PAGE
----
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In Young Goodman Brown?s story colours are really significant due to their symbolic meaning. According to eNotes editorial, Puritans generally worn grey and drear clothes and did not adorn themselves with pretty colorful ribbons, but Faith's ribbons suggest a youthfulness and a slight "bending of the rules". So Faith is not trying to make a big statement with her pink ribbons; she just wants to look pretty and maybe stand out from the sad and dark colours their fellow Pur.
Kelley, however, says that the ribbons are not only setting Faith apart from the grey crowd, but they symbolize the difference between being and seeming. As Young Goodman Brown goes into the woods, these ribbons end up representing the contrast between appearance and reality: Faith may look childlike and innocent, but she's really fallen from grace and has lack of moral soundness. This can be seen in the following quote:
"So they parted; and the young man pursued his way, until, being about to turn the corner by the meeting-house, he looked back, and saw the head of Faith peeping after him, with a melancholy air, in spite of her pink ribbons".
The phrase "in spite of her pink ribbons" is an important detail which helps us understand that though Faith may look uncorrupted but she really has lost her moral grounding. In fact, it is important to recognize that Hawthorne decided against the colour white, which most usually represents purity as Vaz da Silva (245) defends, white stands for luminosity and untainted sheen, thus for luminous heaven as for purity.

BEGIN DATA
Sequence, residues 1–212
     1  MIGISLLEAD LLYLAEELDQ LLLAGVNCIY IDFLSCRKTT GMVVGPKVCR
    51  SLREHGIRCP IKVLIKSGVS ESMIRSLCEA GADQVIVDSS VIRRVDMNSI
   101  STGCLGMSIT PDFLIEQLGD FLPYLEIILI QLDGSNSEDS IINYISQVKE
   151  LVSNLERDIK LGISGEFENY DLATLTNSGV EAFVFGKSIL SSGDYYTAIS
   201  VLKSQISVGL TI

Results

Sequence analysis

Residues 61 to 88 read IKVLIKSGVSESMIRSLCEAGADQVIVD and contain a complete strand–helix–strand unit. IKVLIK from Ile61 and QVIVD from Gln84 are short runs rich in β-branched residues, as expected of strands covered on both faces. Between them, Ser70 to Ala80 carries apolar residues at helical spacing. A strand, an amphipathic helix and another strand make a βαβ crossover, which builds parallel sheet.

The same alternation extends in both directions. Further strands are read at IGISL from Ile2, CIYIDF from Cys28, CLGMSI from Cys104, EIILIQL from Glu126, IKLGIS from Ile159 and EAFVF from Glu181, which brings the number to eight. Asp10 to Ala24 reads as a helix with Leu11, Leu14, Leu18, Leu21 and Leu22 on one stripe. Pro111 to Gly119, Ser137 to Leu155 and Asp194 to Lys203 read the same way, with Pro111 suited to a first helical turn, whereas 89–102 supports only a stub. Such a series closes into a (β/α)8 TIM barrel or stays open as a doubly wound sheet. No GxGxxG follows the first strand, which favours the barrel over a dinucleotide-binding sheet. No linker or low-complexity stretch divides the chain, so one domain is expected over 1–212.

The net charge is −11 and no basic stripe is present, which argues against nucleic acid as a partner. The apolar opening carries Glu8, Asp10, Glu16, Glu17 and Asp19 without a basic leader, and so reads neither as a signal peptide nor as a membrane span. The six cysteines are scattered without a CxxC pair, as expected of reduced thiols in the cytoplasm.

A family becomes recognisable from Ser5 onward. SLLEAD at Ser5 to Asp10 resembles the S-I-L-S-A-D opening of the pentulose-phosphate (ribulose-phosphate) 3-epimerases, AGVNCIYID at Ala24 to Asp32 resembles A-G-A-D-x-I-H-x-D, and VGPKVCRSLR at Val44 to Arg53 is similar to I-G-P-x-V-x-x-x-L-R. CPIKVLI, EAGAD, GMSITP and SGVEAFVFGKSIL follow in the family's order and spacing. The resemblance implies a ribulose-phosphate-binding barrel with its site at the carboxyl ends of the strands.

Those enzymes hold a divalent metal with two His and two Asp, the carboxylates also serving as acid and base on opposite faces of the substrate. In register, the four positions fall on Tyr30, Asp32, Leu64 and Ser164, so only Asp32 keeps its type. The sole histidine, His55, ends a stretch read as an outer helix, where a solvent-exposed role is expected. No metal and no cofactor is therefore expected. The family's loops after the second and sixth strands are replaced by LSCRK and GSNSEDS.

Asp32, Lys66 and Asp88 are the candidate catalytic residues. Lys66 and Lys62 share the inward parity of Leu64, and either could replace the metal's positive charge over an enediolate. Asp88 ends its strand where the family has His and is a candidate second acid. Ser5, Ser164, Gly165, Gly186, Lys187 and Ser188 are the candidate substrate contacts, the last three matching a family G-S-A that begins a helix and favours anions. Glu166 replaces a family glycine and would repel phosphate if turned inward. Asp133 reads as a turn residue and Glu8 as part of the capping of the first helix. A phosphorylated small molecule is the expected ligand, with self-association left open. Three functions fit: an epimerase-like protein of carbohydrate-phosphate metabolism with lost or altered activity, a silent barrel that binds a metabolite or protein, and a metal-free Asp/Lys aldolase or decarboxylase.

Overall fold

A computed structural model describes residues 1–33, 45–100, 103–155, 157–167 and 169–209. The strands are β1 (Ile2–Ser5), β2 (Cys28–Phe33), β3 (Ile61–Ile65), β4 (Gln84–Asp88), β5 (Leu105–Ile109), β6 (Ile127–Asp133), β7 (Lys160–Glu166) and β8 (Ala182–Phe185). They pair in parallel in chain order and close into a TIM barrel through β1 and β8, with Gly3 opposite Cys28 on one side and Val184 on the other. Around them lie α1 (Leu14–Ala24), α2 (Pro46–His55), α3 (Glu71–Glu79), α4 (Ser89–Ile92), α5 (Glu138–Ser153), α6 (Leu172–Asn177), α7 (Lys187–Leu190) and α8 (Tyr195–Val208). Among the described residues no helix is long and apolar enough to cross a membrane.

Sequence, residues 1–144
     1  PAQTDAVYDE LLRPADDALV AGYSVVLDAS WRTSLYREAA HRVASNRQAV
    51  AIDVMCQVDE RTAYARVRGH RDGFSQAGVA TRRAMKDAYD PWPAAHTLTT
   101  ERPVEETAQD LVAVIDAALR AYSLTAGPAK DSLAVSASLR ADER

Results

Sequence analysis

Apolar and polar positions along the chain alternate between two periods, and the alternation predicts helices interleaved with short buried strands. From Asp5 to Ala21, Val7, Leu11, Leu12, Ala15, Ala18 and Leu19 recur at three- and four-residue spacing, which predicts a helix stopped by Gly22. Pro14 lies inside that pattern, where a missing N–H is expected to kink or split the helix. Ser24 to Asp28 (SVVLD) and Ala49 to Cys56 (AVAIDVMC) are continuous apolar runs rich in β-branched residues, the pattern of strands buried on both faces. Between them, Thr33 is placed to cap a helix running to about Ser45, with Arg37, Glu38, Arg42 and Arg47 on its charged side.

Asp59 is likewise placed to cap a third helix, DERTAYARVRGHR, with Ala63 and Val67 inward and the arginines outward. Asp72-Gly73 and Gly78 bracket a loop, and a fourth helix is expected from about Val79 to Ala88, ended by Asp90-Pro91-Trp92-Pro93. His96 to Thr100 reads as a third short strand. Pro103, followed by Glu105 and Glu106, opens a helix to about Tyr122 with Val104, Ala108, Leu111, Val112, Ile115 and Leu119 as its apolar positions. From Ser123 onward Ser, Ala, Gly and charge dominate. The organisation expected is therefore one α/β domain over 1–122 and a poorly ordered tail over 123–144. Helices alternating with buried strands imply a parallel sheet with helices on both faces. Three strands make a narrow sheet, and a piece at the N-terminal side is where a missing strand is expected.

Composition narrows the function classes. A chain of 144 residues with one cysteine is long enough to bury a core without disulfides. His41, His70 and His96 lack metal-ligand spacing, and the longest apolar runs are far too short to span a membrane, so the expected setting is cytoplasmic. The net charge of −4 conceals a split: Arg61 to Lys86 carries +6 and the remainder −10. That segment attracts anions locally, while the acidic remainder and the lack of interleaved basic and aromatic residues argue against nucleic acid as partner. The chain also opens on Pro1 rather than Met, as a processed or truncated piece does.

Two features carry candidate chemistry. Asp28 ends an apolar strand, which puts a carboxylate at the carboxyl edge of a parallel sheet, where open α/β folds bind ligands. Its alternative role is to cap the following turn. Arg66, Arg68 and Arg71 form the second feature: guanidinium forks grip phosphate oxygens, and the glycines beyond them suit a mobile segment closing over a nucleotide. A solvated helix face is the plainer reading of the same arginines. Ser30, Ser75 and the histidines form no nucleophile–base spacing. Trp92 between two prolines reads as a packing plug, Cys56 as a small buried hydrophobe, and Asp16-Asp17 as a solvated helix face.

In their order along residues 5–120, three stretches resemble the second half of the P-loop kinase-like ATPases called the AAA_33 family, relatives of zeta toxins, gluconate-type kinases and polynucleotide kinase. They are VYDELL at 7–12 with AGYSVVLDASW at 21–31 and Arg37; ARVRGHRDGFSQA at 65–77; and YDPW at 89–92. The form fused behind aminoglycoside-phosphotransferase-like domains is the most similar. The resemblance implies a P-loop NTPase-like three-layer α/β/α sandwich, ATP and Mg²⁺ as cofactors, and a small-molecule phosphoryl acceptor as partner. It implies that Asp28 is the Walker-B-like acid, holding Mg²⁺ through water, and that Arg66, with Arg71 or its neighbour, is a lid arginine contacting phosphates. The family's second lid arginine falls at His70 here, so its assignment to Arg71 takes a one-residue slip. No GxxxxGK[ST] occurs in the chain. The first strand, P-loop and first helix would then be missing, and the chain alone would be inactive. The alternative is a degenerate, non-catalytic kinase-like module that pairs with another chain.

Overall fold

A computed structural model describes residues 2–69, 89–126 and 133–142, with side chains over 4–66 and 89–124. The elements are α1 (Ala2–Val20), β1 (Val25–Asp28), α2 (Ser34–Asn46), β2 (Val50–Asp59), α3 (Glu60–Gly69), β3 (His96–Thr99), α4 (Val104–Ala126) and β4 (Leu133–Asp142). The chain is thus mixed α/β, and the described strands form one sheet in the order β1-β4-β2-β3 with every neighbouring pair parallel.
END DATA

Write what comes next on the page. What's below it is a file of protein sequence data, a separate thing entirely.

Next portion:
Through this, Hawthorne is saying that not even Faith is entirely pure. Keil (38) sais that Faith's ambiguity is portrayed when she does not wait for Goodman to return to kiss her, in her thrusting her own head through the doorway and "letting" the breeze animate the ribbons. As a matter of a fact, "letting" combined with the thrusting itself raises questions about who is in control of the action.
(Levy 124) agrees with this duality: "The ribbons are in fact an explicit link between two conceptions of Faith, connecting sweet little Faith of the village with the woman who stands at the Devil's baptismal font. We can legitimately disagree about the meaning of this duality; the fact remains that in proposing that Faith's significance is the opposite of what he had led the reader to expect, Hawthorne violates the fixed conceptual meaning associated with his character".
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